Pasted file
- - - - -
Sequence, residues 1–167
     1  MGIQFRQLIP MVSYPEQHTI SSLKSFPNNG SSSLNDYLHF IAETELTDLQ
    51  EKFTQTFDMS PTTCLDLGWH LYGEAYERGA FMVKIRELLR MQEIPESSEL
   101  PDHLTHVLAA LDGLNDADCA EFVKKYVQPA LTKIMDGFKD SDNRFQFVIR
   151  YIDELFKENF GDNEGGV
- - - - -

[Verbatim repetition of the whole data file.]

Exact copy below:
Sequence, residues 1–167
     1  MGIQFRQLIP MVSYPEQHTI SSLKSFPNNG SSSLNDYLHF IAETELTDLQ
    51  EKFTQTFDMS PTTCLDLGWH LYGEAYERGA FMVKIRELLR MQEIPESSEL
   101  PDHLTHVLAA LDGLNDADCA EFVKKYVQPA LTKIMDGFKD SDNRFQFVIR
   151  YIDELFKENF GDNEGGV